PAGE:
Marshall Herskovitz speaks to the universal appeal of My So-Called Life with the insight, "Nobody forgets what they were like in high school. That moment in life is always radioactive for everybody." The series' place in TV history and the lives of its fans parallels that experience of being a teenager: it was brief and intense and heart-breaking -- impossibly formative and totally unforgettable. It's been riffed on and ripped off by the next waves of great high-school shows: Buffy the Vampire Slayer, Freaks and Geeks, and Veronica Mars. Joss Whedon best describes our relation to the series now at the close of his essay:
"[It's] the show that...I'll love the way you can only love as a youth: with fierce bewilderment and unembarrassed passion."
Review content copyright © 2007 Jennifer Malkowski; Site layout and review format copyright © 1998 - 2013 HipClick Designs LLC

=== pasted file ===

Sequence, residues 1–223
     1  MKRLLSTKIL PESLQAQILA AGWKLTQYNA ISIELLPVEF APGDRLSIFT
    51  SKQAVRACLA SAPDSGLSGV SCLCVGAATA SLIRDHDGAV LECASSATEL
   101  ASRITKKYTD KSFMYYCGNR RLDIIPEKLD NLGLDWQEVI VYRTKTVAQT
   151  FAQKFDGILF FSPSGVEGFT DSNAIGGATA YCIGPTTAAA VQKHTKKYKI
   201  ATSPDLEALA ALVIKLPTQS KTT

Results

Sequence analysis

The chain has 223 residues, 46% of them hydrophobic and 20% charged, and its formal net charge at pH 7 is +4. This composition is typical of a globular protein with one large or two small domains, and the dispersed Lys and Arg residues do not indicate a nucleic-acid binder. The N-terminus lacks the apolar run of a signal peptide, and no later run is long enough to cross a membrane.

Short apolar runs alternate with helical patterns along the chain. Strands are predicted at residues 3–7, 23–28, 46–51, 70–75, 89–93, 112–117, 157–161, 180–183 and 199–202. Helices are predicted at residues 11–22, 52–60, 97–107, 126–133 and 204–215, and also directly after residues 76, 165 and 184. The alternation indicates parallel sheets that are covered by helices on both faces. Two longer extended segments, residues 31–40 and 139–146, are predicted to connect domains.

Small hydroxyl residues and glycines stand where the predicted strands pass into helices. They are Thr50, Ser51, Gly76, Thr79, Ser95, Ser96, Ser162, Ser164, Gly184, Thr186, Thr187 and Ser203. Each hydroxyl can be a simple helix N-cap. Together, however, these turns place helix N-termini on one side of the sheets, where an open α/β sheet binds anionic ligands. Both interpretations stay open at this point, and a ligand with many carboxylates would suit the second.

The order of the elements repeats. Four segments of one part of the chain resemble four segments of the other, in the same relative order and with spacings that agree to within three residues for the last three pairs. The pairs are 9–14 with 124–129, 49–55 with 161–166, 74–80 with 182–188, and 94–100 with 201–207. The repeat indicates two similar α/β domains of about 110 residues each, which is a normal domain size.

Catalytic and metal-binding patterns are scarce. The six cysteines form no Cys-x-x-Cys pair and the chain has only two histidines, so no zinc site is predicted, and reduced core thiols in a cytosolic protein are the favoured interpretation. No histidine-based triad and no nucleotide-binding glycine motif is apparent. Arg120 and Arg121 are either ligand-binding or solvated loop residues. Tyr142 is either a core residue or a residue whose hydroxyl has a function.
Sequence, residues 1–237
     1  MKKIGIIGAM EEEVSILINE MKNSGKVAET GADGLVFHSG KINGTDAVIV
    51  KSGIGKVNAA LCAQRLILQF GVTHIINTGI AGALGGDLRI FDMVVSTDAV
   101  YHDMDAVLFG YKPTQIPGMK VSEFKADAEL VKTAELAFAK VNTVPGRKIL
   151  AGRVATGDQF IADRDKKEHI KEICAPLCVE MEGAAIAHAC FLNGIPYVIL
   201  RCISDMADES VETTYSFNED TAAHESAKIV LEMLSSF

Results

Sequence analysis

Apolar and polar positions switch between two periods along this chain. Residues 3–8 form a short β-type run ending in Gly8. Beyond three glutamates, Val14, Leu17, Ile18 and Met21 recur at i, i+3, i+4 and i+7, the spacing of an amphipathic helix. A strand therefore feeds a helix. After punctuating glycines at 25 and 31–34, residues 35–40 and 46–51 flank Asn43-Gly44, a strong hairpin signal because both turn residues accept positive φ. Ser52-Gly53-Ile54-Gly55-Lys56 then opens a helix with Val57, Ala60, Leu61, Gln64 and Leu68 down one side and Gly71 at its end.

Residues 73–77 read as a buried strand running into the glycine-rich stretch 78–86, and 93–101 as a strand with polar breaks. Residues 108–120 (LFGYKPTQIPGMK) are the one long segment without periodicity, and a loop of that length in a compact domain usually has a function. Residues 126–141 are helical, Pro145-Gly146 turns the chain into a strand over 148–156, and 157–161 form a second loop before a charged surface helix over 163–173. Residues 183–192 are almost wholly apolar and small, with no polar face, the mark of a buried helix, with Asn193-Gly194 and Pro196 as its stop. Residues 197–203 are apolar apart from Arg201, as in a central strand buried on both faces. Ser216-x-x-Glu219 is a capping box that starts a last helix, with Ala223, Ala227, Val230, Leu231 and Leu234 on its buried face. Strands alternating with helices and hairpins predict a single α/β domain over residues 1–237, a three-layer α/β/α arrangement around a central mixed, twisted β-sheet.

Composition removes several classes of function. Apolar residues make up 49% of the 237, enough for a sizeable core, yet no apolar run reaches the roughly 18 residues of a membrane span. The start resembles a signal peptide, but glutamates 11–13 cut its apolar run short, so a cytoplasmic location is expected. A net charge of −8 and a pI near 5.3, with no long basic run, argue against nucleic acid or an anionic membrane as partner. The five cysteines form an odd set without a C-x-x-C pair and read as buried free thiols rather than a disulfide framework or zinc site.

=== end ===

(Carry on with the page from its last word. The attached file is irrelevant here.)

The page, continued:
Scales of Justice
Studio: Shout! Factory
* Full Frame
* Dolby Digital 5.1 Surround (English)
* English (SDH)
Running Time: 930 Minutes
Release Year: 1994
MPAA Rating: Unrated
* 36-Page Booklet with Essays by Joss Whedon, Janeane Garofalo, and Michele Byers
* Cast and Crew Commentaries on Six Episodes
* "My So-Called Life Story" Featurette
* A Conversation with Claire Danes and Winnie Holzman
* A Conversation with Marshall Herskovitz and Winnie Holzman
* "The Characters" Featurettes
* "The Music" Featurette
* Interview with Claire Danes
* Highlights from the 1995 Museum of Television and Radio Panel
* Photo Gallery